Workers’ need to put in extra hours was exacerbated beginning in the 1970s, when wages lagged productivity and inflation ate whatever material gains workers had won through collective bargaining. The rising costs of employer-paid health insurance also held down wages, making a bad situation worse.
Our current system—pegging benefits like health care and retirement to individual jobs and employers—warps employers’ hiring incentives. Full-time jobs cost more to create because of the additional costs of benefits. Employers try to squeeze as much time as possible from these workers to make up for the higher costs. Conversely, other parts of the workforce are kept part-time and temporary to avoid paying any benefits at all.
Hence, if an employer wants 60 hours of work to be done, it has two choices. Split the job into two 30-ish-hour jobs with no benefits and unpredictable schedules, or create one full-time job with 20 hours of overtime to get the biggest bang for the buck for the additional cost of benefits.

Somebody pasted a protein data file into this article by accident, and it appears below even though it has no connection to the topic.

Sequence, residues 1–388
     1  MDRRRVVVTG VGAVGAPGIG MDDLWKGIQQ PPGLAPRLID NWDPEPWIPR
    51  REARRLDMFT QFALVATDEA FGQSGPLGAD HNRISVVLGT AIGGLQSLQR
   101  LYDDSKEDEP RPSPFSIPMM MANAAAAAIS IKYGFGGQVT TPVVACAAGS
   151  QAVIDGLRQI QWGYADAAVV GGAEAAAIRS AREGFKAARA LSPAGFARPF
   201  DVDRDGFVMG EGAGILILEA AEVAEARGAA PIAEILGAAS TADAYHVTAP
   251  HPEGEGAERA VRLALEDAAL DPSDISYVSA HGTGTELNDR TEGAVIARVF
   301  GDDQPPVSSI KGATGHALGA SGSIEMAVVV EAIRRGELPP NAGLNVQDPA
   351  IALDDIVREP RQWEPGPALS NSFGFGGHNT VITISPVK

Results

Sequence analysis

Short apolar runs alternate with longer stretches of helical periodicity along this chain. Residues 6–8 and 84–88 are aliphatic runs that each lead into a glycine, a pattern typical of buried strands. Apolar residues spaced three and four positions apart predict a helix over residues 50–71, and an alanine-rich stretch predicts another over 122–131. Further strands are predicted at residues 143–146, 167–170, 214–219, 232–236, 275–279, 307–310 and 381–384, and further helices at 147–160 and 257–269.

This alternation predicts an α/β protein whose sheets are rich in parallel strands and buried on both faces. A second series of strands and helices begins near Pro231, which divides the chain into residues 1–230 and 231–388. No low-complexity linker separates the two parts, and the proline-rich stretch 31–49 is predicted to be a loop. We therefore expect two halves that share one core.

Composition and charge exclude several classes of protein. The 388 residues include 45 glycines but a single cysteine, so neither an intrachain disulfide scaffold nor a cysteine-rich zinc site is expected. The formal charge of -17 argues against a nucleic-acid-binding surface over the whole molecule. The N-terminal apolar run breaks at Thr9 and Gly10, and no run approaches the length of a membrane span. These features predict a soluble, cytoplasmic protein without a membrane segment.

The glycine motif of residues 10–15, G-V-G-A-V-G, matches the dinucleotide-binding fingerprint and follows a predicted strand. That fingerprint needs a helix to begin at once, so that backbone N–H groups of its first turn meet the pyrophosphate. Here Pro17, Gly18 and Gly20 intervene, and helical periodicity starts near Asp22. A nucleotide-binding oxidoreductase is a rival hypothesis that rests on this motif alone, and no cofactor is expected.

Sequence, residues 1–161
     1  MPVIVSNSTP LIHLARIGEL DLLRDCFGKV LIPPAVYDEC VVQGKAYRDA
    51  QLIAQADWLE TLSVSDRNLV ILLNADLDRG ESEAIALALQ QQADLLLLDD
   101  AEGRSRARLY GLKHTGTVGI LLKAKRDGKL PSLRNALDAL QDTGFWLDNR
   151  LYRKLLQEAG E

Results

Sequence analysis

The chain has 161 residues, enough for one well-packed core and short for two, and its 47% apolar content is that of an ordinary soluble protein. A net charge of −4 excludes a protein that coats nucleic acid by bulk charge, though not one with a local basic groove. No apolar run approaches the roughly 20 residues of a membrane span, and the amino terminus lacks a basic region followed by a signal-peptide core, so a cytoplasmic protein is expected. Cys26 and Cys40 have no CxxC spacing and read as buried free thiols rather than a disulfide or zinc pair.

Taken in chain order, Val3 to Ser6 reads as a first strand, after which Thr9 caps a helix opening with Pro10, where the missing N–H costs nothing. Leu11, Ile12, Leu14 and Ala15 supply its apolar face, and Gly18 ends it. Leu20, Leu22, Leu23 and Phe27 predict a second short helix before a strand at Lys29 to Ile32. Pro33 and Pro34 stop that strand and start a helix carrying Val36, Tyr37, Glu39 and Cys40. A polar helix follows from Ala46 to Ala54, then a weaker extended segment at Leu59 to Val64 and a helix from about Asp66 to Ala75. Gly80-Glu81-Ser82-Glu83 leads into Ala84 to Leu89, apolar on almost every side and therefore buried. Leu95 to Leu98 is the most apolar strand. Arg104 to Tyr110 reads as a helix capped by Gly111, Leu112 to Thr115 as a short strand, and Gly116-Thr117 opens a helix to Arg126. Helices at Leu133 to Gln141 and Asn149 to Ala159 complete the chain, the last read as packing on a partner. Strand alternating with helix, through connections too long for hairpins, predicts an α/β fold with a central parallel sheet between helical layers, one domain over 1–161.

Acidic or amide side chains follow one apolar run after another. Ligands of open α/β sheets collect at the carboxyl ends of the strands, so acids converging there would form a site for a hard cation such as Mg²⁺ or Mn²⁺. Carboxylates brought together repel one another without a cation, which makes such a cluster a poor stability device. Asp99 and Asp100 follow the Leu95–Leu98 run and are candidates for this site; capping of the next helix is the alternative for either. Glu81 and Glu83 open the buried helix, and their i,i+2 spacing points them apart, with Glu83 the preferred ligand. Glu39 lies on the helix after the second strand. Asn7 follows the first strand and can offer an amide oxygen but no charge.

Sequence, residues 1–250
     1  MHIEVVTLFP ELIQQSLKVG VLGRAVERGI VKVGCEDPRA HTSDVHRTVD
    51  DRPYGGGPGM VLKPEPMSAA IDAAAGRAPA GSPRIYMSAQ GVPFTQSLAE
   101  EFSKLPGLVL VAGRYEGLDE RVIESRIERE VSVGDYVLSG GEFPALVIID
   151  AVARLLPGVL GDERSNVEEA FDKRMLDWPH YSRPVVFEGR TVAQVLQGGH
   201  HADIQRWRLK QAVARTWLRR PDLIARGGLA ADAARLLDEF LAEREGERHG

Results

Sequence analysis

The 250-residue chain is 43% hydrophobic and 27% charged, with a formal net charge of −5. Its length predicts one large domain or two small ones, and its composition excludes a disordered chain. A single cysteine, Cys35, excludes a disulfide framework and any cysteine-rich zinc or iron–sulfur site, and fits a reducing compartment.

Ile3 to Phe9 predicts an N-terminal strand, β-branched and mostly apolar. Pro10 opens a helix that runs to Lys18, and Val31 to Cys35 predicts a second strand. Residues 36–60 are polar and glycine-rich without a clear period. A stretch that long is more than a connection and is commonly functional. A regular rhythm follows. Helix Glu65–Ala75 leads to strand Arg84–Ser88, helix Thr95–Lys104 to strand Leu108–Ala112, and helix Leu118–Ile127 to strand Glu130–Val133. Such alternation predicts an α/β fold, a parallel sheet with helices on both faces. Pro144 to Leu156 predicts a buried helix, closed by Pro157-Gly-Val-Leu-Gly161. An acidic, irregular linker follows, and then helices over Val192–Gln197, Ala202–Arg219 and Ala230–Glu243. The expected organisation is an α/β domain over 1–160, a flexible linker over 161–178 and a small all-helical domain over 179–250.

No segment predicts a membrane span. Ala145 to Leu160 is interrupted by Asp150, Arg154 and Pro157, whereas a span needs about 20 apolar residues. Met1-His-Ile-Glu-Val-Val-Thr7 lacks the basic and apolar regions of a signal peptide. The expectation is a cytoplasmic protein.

Whether they work too much to live or not enough to survive, workers can suffer burnout and mental illness, reduced life expectancy, and a whole range of undesirable outcomes.
This current state of affairs is hardly the eight-hour day that the original May Day strikers fought for. American workers once made republican arguments that reducing the workday was essential for full participation in a democratic society. As well, an early theory of the short-hours movement was that the extra leisure would drive up consumer demand in ways that would more than make up for the initial loss of corporate profit. Giving people the money they’ve earned and the free time to spend it has usually been healthy for the economy.
But the hopes of the original May Day demonstrators haven’t come to pass. Average annual hours have steadily crept up in the United States since the 1970s. Today, Americans work an average of 1,780 hours a year, less than South Korea’s 2,024 but substantially more than Germany’s 1,356 (a difference of ten full-time weeks). And yet, German unemployment stands at 3.4 percent, lower than in the U.S., and the nation has similar levels of productivity and a substantially larger middle class. Why can’t we dream bigger?